Comment: A trade association stated that FSIS underestimated the cost to the Agency and to the industry of implementing this new program. According to the commenter, the true cost of Agency testing, including the cost for testing ground beef, would total $1,170,564 per year in additional expenses. The commenter also stated that adding the costs attendant on a “for-cause Food Safety Assessment,” which FSIS conducts when ground beef is confirmed to contain STEC, would add an additional $854,000. According to the comment, FSIS has grossly underestimated the cost of implementing this policy testing.

Response: The Agency has updated the cost estimate to include the costs of expanding testing to raw ground beef products and other raw ground beef components (other than manufacturing trimmings). FSIS found that there will be additional benefits, as well as additional costs, should the Agency begin testing additional product for non-O157 STEC. As mentioned in the Summary of Economic Analysis, the cost for the current testing of beef manufacturing trimmings (including Agency and the industry testing) is about $1.37 million. If the Agency expands the testing to bench trim, other components, and raw ground beef, it will add another $1 million to the cost and bring the grand total to about $2.37 million. Of the $2.37 million, $1.38 is for FSIS and $0.99 for the industry.

FSIS also estimated the benefits associated with the new testing policy. Benefits would accrue from reduced illnesses and deaths, reduced outbreak-related recalls, and improved business practices. The Agency still concludes that the costs are low for new testing that is warranted, and that the benefits justify the costs.

Comment: A trade association stated that the Agency grossly miscalculated the costs to industry and made seriously flawed assumptions in its cost analysis when it concluded that only 33 percent of beef slaughter establishments test for E. coli O157:H7. The trade association stated that the better measure for this analysis would be to use the data in Table 5.2.10 in FSIS' 2007 checklist study—“Testing of Source Materials for 03B Establishments.”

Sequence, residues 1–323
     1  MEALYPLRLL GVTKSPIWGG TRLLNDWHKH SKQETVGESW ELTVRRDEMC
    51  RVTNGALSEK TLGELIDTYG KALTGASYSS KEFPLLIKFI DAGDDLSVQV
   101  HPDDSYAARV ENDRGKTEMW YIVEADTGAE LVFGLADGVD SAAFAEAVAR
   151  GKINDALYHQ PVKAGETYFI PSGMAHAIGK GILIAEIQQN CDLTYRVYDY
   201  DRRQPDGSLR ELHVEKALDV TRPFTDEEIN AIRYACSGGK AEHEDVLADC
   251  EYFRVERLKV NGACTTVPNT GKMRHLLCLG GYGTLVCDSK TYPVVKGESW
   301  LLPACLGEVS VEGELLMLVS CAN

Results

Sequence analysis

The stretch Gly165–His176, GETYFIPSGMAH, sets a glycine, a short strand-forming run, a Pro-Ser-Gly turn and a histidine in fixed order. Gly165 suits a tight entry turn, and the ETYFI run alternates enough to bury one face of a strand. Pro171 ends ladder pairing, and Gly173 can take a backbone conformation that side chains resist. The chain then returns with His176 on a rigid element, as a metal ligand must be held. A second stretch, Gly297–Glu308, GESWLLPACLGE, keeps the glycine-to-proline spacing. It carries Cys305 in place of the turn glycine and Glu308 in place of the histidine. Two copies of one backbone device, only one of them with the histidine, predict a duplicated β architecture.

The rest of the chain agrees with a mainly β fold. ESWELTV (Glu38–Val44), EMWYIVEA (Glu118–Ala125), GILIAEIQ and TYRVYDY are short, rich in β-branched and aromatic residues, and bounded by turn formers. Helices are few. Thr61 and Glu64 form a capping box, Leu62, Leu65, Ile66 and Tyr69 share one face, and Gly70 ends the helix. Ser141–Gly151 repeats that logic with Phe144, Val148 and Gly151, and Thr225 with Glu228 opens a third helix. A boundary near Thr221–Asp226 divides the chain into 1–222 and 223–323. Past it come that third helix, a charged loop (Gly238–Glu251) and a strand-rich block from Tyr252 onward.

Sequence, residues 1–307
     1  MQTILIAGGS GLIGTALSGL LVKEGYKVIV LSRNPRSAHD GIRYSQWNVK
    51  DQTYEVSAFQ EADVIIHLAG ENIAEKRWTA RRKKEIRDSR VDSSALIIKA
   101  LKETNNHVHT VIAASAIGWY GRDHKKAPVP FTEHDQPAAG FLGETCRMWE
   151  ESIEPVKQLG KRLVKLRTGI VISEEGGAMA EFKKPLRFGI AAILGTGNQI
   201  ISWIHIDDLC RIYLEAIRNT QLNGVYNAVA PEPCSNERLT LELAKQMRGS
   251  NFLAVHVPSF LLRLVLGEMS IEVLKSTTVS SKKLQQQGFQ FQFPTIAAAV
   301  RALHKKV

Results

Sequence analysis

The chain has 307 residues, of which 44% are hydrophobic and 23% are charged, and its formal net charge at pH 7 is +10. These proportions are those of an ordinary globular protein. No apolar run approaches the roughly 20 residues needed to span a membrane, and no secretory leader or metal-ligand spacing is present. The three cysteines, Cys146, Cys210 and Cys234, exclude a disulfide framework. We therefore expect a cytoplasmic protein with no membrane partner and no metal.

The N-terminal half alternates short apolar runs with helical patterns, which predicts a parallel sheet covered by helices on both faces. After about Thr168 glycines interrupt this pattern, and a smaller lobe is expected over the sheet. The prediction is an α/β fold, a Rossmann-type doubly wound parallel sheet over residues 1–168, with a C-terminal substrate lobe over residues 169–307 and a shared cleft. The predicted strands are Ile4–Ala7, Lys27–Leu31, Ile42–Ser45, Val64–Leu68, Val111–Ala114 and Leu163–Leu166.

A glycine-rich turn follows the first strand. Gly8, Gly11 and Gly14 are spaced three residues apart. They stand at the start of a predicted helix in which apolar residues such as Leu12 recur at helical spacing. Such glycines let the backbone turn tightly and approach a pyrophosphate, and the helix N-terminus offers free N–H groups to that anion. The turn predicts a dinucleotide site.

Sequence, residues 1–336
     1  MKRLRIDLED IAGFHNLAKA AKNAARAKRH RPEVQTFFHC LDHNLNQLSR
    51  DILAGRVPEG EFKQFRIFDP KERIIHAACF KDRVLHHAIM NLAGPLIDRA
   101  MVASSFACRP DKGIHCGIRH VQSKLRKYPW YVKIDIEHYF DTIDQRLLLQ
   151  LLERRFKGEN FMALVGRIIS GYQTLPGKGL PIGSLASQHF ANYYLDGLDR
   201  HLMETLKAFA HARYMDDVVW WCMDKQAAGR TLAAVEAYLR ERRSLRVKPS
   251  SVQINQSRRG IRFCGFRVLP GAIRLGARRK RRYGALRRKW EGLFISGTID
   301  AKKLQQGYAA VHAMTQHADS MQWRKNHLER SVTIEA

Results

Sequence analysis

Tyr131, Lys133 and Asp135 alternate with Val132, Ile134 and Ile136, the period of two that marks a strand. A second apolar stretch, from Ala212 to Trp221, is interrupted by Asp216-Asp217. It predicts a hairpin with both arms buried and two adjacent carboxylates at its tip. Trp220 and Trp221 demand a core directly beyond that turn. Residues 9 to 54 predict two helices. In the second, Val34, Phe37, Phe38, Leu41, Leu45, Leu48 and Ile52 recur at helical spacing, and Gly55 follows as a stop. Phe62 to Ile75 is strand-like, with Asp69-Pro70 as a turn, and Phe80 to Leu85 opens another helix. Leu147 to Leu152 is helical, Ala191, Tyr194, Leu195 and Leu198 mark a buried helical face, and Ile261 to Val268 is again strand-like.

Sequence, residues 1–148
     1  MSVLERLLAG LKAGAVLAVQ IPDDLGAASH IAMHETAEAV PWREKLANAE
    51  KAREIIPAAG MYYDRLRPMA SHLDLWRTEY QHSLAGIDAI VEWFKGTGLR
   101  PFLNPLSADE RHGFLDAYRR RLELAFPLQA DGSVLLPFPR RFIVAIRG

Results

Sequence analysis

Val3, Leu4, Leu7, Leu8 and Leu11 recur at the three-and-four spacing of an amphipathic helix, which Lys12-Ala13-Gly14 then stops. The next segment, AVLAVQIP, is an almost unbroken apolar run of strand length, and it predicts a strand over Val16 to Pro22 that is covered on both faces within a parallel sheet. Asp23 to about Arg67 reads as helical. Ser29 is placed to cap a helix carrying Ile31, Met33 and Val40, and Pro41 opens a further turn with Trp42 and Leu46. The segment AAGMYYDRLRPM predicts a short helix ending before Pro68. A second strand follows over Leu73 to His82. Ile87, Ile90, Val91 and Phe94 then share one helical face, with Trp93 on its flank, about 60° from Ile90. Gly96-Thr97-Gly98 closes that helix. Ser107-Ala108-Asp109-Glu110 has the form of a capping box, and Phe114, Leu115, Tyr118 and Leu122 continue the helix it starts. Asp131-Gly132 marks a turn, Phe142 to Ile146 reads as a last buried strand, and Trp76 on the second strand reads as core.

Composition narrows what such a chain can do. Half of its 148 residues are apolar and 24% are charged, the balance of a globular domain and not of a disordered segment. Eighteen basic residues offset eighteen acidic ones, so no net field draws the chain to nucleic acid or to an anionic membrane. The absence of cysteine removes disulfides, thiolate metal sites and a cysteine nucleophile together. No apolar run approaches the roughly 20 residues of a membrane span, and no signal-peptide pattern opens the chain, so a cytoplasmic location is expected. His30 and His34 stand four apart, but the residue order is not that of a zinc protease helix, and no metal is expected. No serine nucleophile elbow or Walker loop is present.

Response: The Agency has updated the cost analysis adopting a slightly different approach with information from our 2013 Pathogen Controls in Beef Operations Survey. Thus, there is no reason to use the outdated data from the 2007 checklist study any more. Details are in the updated cost-benefit analysis.

Comment: A trade association stated that FSIS estimated in the 2011 Federal Register notice that approximately 20 percent of establishments were testing for non-O157 STEC and did not adequately support that estimate. The comment further stated that the Agency failed to account properly for added laboratory costs for the industry. The commenter stated that industry analysis estimates added laboratory costs to the industry to range from $2.5 million to almost $2.9 million annually.

Response: The Agency has updated the cost analysis using information from the 2013 Pathogen Controls in Beef Operations Survey and used a slightly different approach from the approach used in the earlier estimate. This Start Printed Page 68845approach is based on the number of samples tested by the industry and accounts for the added laboratory costs as well. The commenter did not provide information on how the laboratory costs of $2.5 million to $2.9 million were derived. As is explained in the revised cost benefit analysis, FSIS estimates that these costs to industry would be $0.99 million, and these costs to FSIS would be $1.38 million.

Comment: A trade association commented that the Agency's estimate of total beef trimmings production—2.05 billion pounds—is inaccurate. The trade association claimed that, for the year ending June 30, 2010, the industry produced 6.96 billion pounds of ground beef, and that, since ground beef is only produced from raw ground beef components, i.e., trimmings, the more realistic volume of beef trimmings is also approximately 6.96 billion pounds. Additionally, the trade association stated that because the amount of trimmings is approximately 3.4 times greater than the Agency estimate, a more accurate range of the cost of diverted products is approximately $13.24 million to $17.65 million dollars. A foreign government stated that the value of product that is confirmed positive and diverted for cooking will be reduced by approximately 70 to 75 percent.